Monday, November 30, 2009
"Old Europe" Cultures on Display in New York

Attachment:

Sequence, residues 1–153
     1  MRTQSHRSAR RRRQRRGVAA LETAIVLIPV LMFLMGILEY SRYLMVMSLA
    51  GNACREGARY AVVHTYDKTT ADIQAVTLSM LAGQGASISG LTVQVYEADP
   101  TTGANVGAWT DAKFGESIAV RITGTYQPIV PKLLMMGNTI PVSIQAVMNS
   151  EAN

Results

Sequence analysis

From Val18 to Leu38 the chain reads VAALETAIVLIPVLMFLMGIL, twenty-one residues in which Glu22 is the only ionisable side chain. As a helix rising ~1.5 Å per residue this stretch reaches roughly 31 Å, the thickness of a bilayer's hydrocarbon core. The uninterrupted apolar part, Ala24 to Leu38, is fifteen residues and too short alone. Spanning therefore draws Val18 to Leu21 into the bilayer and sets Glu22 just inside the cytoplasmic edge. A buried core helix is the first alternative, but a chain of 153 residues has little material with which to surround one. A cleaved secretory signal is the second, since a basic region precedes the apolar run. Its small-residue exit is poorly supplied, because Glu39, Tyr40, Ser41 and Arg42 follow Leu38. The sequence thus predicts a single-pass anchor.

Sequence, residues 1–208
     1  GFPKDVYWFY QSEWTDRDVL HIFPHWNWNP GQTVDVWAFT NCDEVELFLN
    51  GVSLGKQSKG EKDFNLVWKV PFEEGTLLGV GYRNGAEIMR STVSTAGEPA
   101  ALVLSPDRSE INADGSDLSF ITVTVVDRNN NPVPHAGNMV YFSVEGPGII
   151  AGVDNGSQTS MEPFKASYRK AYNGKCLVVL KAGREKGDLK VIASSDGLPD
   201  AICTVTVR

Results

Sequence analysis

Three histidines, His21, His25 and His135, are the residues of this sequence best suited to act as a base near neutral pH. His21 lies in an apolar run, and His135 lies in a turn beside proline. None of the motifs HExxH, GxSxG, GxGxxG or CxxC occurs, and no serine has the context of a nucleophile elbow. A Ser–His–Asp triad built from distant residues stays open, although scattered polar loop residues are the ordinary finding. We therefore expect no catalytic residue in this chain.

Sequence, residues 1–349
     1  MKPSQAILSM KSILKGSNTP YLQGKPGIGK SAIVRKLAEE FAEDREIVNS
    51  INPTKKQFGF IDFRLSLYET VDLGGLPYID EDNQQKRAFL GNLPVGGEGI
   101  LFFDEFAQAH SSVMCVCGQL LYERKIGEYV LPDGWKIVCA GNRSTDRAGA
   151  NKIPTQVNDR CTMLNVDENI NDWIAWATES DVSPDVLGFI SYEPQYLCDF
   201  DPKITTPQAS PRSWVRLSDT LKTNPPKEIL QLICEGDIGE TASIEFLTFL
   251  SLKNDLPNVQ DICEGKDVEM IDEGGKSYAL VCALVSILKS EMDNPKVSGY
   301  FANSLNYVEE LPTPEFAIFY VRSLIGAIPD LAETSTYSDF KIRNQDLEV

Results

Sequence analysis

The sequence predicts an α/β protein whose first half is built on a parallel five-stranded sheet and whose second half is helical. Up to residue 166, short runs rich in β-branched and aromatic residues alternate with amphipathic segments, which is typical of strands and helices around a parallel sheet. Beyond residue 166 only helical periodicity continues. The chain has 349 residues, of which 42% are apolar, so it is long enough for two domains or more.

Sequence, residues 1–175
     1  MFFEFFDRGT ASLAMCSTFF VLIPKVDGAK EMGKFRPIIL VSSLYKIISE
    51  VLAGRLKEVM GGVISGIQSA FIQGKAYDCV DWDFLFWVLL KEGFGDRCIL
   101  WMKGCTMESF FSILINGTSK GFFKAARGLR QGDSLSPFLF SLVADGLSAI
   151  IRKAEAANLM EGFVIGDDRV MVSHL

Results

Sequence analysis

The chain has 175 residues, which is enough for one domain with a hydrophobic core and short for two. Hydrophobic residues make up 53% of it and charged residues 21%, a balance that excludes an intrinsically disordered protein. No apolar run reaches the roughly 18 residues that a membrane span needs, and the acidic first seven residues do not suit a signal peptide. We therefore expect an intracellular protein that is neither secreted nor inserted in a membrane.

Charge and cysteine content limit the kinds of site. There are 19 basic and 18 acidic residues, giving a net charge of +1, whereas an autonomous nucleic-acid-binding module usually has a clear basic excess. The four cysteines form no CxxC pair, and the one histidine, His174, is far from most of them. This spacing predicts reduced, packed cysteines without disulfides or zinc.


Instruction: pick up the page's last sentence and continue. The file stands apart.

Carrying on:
I've written about some of these cultures before: Varna, Cucuteni and perhaps Hamangia. Overall, it's a good overview article and the images it presents are excellent. I wish I could see this exhibit! Image: Architectural Model With Seven Figurines Fired Clay Cucuteni, Ghelăieşti, 3700-3500 BC Neamţ County Museum Complex, Piatra Neamţ: 12550-12552, 13209-13213 Photo: Marius Amarie Do these look like dudes to you??? One comment I dispute in the article at The New York Times - that the ancient pre-dynatic Egyptians did not have pottery equivalent with thast discovered in Varna and Cuceteni. I have seen with my own eyes at the Met in NYC. I have pictures too - unfortunately stored on my desktop which at the moment is bounced off my wireless network and not connected to the internet, so I cannot download a few examples of that pottery here for comparison. Working on restoring that connection is somewhat low on the list of things to do around here at present! As a general observation, I've also seen excellent examples of the same types of decorations on pottery from the Iranian Plateau that date back c. 6500 years ago on exhibit at the Oriental Institute Museum in Chicago. In addition, I have seen practically pristine examples of carved Egyptian alabaster bowls and vessels so thin that light glows through them that date from late Naqada to Dynasty "Zero." I have yet to see the like of technical excellence and design sophistication replicated by other cultures in the other museums I have visited. So the authorities quoted in the article should not be so quick to dismiss the artisans of pre-dynastic Egypt (and other cultures with which they may not be familiar). I suppose I could make a better case by doing some searches online for images and downloading them, but frankly my time is at a premium these days and I don't want to devote the time right now. Image: Zoomorphic Figures, possibly bulls Gold Varna, Varna, Grave 36, 4400-4200 BC Varna Regional Museum of History: 1633, 1634 Photo: Rumyana Kostadinova Ivanova If these are bulls, where are their testicles and penises? These are cows - females! Reminds me of Het-Hert (Hathor), the horned cow goddess of the pre-dynastic Egyptians. I also take exception to the pot shots taken at Gimbutas' research back in the 1970s. She shed an entirely new light on discovered objects that brought females to the fore - or at least to equality - with males in pre-civilization and early civilizations. It was controversial back then - but much needed - and it remains controversial in some quarters yet today. NOW naysayers are fond of saying "in light of recent discoveries..." and they thus pooh-pooh Gimbutas' interpretations of her findings and her theories, but I also note that these critics rarely actually cite to others' work that contradicts Gimbutas. A lot of sound and fury on their part, signifying nothing, but you know, it's like that old politcal saw - if you throw enough mud for long enough and hard enough, eventually some of it will stick even if it shouldn't. To my mind, that's what these dudes (they are mostly dudes) have attempted to do with Gimbutas' body of work for the past 30 plus years. It seems some people want to turn back the clock to the bad old days. I think Gimbutas' research speaks for itself. One picture, as they say, is worth a thousand words. And she had perhaps thousands of photos of objects in the many books published under her name during the ensuing years - all identified as female or votives to females. It's pretty difficult to say that most of these objects are NOT female or female votives - but hey, some folks keep on giving it the good ol' college try. Anyway - this article demonstrates to me that the folks in charge of our "higher" educational system seriously need to introduce more cross-cultural and cross-disciplinary exposure in what we are teaching the people who will be our future archaeologists, historians and anthropologists. Geez! We still ain't there yet and it's rather sad to say as we are about to begin the second decade in the 21st century! A Lost European Culture, Pulled From Obscurity [not exactly, if you've been reading my blog!] By JOHN NOBLE WILFORD Published: November 30, 2009 Before the glory that was Greece and Rome, even before the first cities of Mesopotamia or temples along the Nile, there lived in the Lower Danube Valley and the Balkan foothills people who were ahead of their time in art, technology and long-distance trade. For 1,500 years, starting earlier than 5000 B.C., they farmed and built sizable towns, a few with as many as 2,000 dwellings. They mastered large-scale copper smelting, the new technology of the age. Their graves held an impressive array of exquisite headdresses and necklaces and, in one cemetery, the earliest major assemblage of gold artifacts to be found anywhere in the world. The striking designs of their pottery speak of the refinement of the culture’s visual language. Until recent discoveries, the most intriguing artifacts were the ubiquitous terracotta “goddess” figurines, originally interpreted as evidence of the spiritual and political power of women in society. [Parallel developments: Indus Valley, Pakistan/northern India; Naqada I, II and III along Nile River; Iranian Plateau settlements] New research, archaeologists and historians say, has broadened understanding of this long overlooked culture, which seemed to have approached the threshold of “civilization” status. Writing had yet to be invented, and so no one knows what the people called themselves. To some scholars, the people and the region are simply Old Europe. Image: Set of Twenty-one Figurines and Thirteen Chairs Fired Clay Cucuteni, Poduri-Dealul Ghindaru, 4900-4750 BC Neamţ County Museum Complex, Piatra Neamţ: 10095-10128, 10703 Photo: Elena-Roxana Munteanu According to the article, these are just "representations" of people (who just happen to be mostly female, perhaps all female). Hmmmm. 21 figures and 13 chairs - sounds like a game to me! The little-known culture is being rescued from obscurity in an exhibition, “The Lost World of Old Europe: the Danube Valley, 5000-3500 B.C.,” which opened last month at the Institute for the Study of the Ancient World at New York University. More than 250 artifacts from museums in Bulgaria, Moldova and Romania are on display for the first time in the United States. The show will run through April 25. At its peak, around 4500 B.C., said David W. Anthony, the exhibition’s guest curator, “Old Europe was among the most sophisticated and technologically advanced places in the world” and was developing “many of the political, technological and ideological signs of civilization.” Dr. Anthony is a professor of anthropology at Hartwick College in Oneonta, N.Y., and author of “The Horse, the Wheel, and Language: How Bronze-Age Riders from the Eurasian Steppes Shaped the Modern World.” Historians suggest that the arrival in southeastern Europe of people from the steppes may have contributed to the collapse of the Old Europe culture by 3500 B.C. At the exhibition preview, Roger S. Bagnall, director of the institute, confessed that until now “a great many archaeologists had not heard of these Old Europe cultures.” Admiring the colorful ceramics, Dr. Bagnall, a specialist in Egyptian archaeology, remarked that at the time “Egyptians were certainly not making pottery like this.” [Not correct] The striking designs of their pottery speak of the refinement of the culture’s visual language. Until recent discoveries, the most intriguing artifacts were the ubiquitous terracotta “goddess” figurines, originally interpreted as evidence of the spiritual and political power of women in society. New research, archaeologists and historians say, has broadened understanding of this long overlooked culture, which seemed to have approached the threshold of “civilization” status. Writing had yet to be invented, and so no one knows what the people called themselves. To some scholars, the people and the region are simply Old Europe. [How arrogant to assume that because a culture did not have writing - at least - not that we have discovered or could understand if we did -- see Indus discussions! -- that the people of these cultures were not "civilized." Nineteenth century baloney still being served up to the general public and future generations of our scholars today.] Rest of article.